EU27 leaders spent nearly seven hours drafting and arguing over different scenarios to kick the can down the road that little bit further. Officials blamed the lengthy discussions on their “ill-prepared” leaders and Mrs May’s late request to delay Brexit. But in reality, leaders were far more concerned about their lack of trust in the Prime Minister to successfully win the support of MPs for her deal. The Prime Minister was eventually handed an unconditional extension until April 12 in order to “indicate a way forward”, which could include Britain holding European elections, a second referendum or a general election.
But if she can pass her draft EU withdrawal deal through the House of Commons, Brussels will give the Government until May 22 to pass the legislation to implement Brexit.
The delay, negotiated by leaders and their closest aides, essentially allows Brussels to blame Britain for the possibility of a no-deal Brexit.
Their exchange of views created a flurry of proposals, leading to a unique moment in Brexit negotiations – a split in the EU27’s unity for the first time, according to one source familiar with the talks.
Talks spread over several sessions – 90 minutes with Mrs May, a five-hour formal session amongst the 27 that even overspilled into the working dinner on Chinese relations – before a decision was reached.
Emmanuel Macron was forced to backdown from tough Brexit demands by other EU leaders
Once again excluded from dinner, Mrs May refused an offer of roast duck and chocolate deserts being feasted upon as Brexit talks rumbled on beyond midnight.
French President Emmanuel Macron attempted to take centre-stage amongst his colleagues, trying to cut short Mrs May’s request for an extension of Britain’s membership to the EU.
Mr Macron proposed an unconditional offer that would have seen Britain leave the EU on May 7, with or without a deal. The date was significant as it is days before the bloc’s so-called ‘future of Europe’ summit in the Romanian town of Sibiu.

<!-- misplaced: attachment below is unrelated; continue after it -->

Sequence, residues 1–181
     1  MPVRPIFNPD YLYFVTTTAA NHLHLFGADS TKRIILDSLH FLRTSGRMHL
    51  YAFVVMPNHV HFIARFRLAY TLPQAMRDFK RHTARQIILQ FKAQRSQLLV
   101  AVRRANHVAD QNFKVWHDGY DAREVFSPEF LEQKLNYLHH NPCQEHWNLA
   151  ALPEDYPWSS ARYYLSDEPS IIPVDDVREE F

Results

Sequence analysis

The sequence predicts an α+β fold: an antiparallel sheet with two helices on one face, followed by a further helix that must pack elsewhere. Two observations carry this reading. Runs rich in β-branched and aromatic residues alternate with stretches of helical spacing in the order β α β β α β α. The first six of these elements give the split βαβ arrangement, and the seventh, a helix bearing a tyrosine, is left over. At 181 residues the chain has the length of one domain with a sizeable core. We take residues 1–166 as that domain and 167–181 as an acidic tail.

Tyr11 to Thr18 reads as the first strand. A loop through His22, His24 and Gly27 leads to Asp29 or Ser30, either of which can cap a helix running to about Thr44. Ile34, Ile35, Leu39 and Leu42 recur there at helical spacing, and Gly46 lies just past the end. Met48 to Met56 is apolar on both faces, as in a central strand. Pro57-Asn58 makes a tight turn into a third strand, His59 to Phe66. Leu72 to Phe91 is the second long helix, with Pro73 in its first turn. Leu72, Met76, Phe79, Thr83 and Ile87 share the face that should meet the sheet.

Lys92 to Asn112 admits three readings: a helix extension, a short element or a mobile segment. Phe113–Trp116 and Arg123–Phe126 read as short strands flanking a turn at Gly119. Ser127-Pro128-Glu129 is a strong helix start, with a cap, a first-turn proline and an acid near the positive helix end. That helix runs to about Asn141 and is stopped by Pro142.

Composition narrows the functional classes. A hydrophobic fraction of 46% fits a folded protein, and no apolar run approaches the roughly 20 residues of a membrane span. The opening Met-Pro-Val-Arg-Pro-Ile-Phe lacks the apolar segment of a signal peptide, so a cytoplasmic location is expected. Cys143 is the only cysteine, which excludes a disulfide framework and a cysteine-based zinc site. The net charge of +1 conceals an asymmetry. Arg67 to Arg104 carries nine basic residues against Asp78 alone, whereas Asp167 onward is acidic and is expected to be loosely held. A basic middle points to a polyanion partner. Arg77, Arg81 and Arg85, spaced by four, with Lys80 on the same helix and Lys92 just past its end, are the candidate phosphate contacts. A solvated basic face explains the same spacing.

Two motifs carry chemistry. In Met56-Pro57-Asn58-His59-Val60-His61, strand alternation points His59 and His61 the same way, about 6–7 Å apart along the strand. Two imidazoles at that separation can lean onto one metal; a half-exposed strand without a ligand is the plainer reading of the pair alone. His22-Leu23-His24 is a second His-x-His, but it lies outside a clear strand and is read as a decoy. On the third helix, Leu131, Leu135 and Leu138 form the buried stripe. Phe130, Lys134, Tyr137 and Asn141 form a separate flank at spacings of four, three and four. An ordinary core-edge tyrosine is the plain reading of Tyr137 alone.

The French leader is expected to use the informal EU gathering, the first without Britain as a member, to push the Brussels project closer to his vision of a European utopia.
Mr Macron recruited Belgian prime minister Charles Michel and Luxembourg leader Xavier Bettel to push his unconditional offer.
More sensibly, the date was avoided as it would clash with the May 8 Victory in Europe Day, on which Britain and France celebrate Nazi Germany’s World War Two surrender.
German Chancellor Angela Merkel cut a more “flexible” character, rarely speaking but asking her colleagues tough questions on the reality of no deal for trade and the Irish border.
Portuguese prime minister Antonio Costa proposed a far more radical plan by delaying Brexit “as long as the UK deems necessary” as long as Britain held European Parliament elections in May.
Leo Varadkar, the Irish prime minister, also proposed a more open-ended approach in order to prevent chaos on the border.
Theresa May shunned day two of the European Council summit to return to London to work on her deal
Despite their careful planning, EU leaders were left pessimistic by Mrs May claims that she was closing in on securing a Commons victory on her Brexit deal.
The Prime Minister “utterly lacked clarity” in her presentation, according to one EU diplomat. Another said she refused to reveal her “plan B” if the deal is voted down.
A third added: “She didn’t say anything different from her previous addresses to the EU 27.
“She’s still convince she can get her deal through Parliament.”
Last night, Mr Macron said: “The responsibility now lies with the British, and I think that’s the big achievement of the day.”
Mr Bettel, this morning, cut a more cautious figure when entering the European Council’s Europa building for the second day of the leaders gathering.
He put the Prime Minister’s chance of winning support for her deal at “50-50” and suggested “the best possible outcome would be a new referendum and to stay” in the EU.
Austrian Chancellor Sebastian Kurz said all the EU “can do is hope once again that there will be a majority after all”.
The Prime Minister decided to shun the second day of the Brussels summit, which kickstarted with celebrations of the European Economic Area’s 35-year anniversary, in order to work on her Brexit deal in Westminster.
Mr Bettel joked: “I slept very well. I haven’t slept so well thinking of Brexit in a long time.
“She wrote to me this morning to tell me that she was leaving already to start working in London to convince the Parliament.”